No one still believes that we will win. On Tuesday night, it all fell apart for the U.S. men’s national soccer team. A seven tournament, 24-year streak of consecutive World Cup berths was snapped in cartoonishly heartbreaking fashion. Coming into the match, American fans were rightfully confident. All it would take to qualify for the World Cup was a win or a tie against Trinidad and Tobago, a team that had nothing to play for but pride and only one win in nine matches in the final qualifying group.
Sep. 12, 2017 at 9:14 AM The Teams We Like In The Group Stage Of Champions League The group stage of the Champions League starts Tuesday, and FiveThirtyEight’s soccer win projections are ready. In the video above, FiveThirtyEight’s sports editor Geoff Foster breaks down what to expect in the coming days, and which group is really the Group of Death. Read more: FiveThirtyEight’s club soccer predictions...
Even if the U.S. loses to Belgium on Tuesday, there are still lots of reasons for the Americans to be proud of their time in Brazil. They survived the World Cup's "Group of Death." They held their own against some of the best soccer players on the planet. And, most important, there is this achievement: They all gained boatloads of Twitter followers. The 21 players with Twitter accounts have gained more than 2.95 million followers from the beginning of the World Cup to Monday afternoon.
Muck Rack makes it simple to find people, tweets, or articles that mention any name, keyword, company, hashtag etc. We've compiled this guide to help you make the most of your search.
Selecting a term
Start searching tweets, articles from media outlets, articles mentioned in tweets, journalists'
names, titles and bios with some suggested searches:
Companies or Topics (e.g. iPhone, Microsoft)
Phrases (e.g. "cloud computing") — use quotes to keep the terms together
Twitter handles (e.g. @username) — returns those who have mentioned or replied to
Names (e.g. "David Pogue")
Hashtags (e.g. #sxsw, #london2012)
Bio details (e.g. vegan, Olympics, father)
Muck Rack's Advanced Search allows for many boolean operators.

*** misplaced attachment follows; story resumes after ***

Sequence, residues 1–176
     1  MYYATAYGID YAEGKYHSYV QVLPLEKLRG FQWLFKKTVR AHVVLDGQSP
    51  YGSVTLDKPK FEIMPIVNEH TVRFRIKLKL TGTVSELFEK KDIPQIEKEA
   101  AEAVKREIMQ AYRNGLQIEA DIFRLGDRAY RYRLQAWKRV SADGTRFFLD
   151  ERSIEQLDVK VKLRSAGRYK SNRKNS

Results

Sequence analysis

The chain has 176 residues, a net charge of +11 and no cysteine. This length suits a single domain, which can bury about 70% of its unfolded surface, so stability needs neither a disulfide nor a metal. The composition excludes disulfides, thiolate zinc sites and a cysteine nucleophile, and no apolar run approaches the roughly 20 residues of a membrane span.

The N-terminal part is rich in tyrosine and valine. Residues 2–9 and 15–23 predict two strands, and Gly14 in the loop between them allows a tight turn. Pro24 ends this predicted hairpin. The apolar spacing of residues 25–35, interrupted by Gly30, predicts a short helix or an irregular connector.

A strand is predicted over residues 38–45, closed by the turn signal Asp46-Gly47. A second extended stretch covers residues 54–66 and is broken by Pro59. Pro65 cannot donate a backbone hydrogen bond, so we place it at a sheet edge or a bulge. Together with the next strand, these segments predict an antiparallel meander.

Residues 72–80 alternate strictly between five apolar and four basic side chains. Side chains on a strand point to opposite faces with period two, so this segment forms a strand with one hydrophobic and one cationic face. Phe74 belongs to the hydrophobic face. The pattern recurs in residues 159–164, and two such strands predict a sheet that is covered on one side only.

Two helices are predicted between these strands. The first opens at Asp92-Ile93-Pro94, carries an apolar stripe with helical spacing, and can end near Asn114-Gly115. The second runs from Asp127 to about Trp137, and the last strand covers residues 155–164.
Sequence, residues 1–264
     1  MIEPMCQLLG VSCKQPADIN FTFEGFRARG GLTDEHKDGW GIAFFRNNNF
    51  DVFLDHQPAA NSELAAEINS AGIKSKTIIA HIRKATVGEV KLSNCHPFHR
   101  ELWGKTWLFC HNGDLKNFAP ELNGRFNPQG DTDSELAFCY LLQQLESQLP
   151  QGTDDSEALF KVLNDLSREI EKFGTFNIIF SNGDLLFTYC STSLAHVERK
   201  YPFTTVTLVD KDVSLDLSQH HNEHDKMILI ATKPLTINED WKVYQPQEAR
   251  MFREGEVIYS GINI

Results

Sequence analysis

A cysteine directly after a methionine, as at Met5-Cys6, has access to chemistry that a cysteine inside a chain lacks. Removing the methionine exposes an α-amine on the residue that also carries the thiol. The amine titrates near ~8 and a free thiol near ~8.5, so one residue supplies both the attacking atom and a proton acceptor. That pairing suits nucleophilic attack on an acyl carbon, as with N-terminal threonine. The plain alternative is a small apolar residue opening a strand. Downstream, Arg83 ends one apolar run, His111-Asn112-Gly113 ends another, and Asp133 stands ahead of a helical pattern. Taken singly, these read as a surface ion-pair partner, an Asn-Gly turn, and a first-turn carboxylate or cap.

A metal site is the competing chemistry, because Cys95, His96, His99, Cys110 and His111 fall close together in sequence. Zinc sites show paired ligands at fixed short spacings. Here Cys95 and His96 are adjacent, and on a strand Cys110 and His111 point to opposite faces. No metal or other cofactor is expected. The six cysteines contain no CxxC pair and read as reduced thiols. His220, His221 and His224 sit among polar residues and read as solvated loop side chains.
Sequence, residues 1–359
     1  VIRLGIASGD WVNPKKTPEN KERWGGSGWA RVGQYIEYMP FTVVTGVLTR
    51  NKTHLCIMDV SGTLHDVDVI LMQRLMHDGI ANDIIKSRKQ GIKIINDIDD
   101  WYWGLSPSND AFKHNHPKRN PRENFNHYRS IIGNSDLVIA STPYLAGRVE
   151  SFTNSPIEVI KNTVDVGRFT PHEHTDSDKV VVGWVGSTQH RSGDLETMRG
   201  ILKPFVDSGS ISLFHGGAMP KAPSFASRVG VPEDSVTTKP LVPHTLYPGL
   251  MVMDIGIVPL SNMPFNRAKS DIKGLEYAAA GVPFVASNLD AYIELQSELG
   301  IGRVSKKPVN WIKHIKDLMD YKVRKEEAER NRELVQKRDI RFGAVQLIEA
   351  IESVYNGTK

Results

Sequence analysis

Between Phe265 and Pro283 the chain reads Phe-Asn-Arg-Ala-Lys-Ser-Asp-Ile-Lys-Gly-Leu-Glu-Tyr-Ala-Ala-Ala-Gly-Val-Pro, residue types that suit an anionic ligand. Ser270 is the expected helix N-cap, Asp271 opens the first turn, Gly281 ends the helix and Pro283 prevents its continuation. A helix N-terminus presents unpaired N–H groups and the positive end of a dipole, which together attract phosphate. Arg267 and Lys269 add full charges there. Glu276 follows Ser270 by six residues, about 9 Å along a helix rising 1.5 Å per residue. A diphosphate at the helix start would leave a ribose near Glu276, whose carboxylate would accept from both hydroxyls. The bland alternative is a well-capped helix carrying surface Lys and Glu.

Find results that mention multiple specified terms, use AND or
+. For example, ensure each result contains both Elon Musk and Mark Zuckerberg by
searching Musk AND Zuckerberg or Musk + Zuckerberg.
Use the operators OR or , to broaden your search when you'd like either of
multiple terms to appear in results. (This is the default behavior of our search when no operators
are used). For example, results will contain either cake or cookie by searching cake OR cookie or cake,cookie
Use NOT or - to subtract results from your search. For
example, searching Disney will yield results about the Walt Disney Company as well as Walt Disney
World Resort. To exclude mentions of Disney World, search for Disney -World or Disney
When using one of these operators with a phrase, enclose it in quotation marks. For example, you can
find results about smartphones excluding Apple's iPhone 4S by searching smartphone -"iPhone
Exact case matching or punctuation
If you're searching for a brand name or keyword that relies on specific punctuation marks or capitalization, you can
find results that match your exact query by adding matchcase: before the keyword you're searching for, like matchcase:E*TRADE .
Use parentheses to separate multiple
boolean phrases. For example, to find journalists talking about having fun in Disney World or
Disneyland, search for ("disney world" OR disneyland) AND fun.
An asterisk can be used to search for any variation of a root word truncated by the asterisk. For example, searching for admin* will return results for administrator, administration, administer, administered, etc.
A near operator is an AND operator where you can control the distance between the words. You can vary the distance the near operation uses by adding a forward slash and number (between 0-99) such as strawberries NEAR/10 "whipped cream", which means the strawberries must exist within 10 words of "whipped cream".